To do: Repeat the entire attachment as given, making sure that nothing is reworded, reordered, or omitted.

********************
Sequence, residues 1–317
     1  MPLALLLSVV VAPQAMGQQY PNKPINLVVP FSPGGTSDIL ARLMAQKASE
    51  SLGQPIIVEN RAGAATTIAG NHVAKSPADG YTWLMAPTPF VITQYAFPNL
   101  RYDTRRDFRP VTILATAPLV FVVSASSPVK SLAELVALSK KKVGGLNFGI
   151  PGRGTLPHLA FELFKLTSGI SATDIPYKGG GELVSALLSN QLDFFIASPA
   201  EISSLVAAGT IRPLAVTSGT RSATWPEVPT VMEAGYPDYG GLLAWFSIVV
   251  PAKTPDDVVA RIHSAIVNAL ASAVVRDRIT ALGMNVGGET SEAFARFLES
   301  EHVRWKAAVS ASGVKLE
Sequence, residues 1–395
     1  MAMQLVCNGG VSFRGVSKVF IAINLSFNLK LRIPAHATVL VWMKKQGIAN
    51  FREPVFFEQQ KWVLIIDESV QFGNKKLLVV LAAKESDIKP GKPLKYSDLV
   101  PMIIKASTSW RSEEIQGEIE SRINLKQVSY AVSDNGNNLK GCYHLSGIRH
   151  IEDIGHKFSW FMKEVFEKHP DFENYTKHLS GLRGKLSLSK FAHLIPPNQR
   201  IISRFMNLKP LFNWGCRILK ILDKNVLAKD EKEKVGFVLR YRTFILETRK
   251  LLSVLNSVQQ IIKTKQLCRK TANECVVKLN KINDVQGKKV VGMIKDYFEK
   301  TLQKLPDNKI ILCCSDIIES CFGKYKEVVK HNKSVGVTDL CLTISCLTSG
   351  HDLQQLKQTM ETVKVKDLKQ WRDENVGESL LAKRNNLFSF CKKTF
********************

Sequence, residues 1–317
     1  MPLALLLSVV VAPQAMGQQY PNKPINLVVP FSPGGTSDIL ARLMAQKASE
    51  SLGQPIIVEN RAGAATTIAG NHVAKSPADG YTWLMAPTPF VITQYAFPNL
   101  RYDTRRDFRP VTILATAPLV FVVSASSPVK SLAELVALSK KKVGGLNFGI
   151  PGRGTLPHLA FELFKLTSGI SATDIPYKGG GELVSALLSN QLDFFIASPA
   201  EISSLVAAGT IRPLAVTSGT RSATWPEVPT VMEAGYPDYG GLLAWFSIVV
   251  PAKTPDDVVA RIHSAIVNAL ASAVVRDRIT ALGMNVGGET SEAFARFLES
   301  EHVRWKAAVS ASGVKLE
Sequence, residues 1–395
     1  MAMQLVCNGG VSFRGVSKVF IAINLSFNLK LRIPAHATVL VWMKKQGIAN
    51  FREPVFFEQQ KWVLIIDESV QFGNKKLLVV LAAKESDIKP GKPLKYSDLV
   101  PMIIKASTSW RSEEIQGEIE SRINLKQVSY AVSDNGNNLK GCYHLSGIRH
   151  IEDIGHKFSW FMKEVFEKHP DFENYTKHLS GLRGKLSLSK FAHLIPPNQR
   201  IISRFMNLKP LFNWGCRILK ILDKNVLAKD EKEKVGFVLR YRTFILETRK
   251  LLSVLNSVQQ IIKTKQLCRK TANECVVKLN KINDVQGKKV VGMIKDYFEK
   301  TLQKLPDNKI ILCCSDIIES CFGKYKEVVK HNKSVGVTDL CLTISCLTSG
   351  HDLQQLKQTM ETVKVKDLKQ WRDENVGESL LAKRNNLFSF CKKTF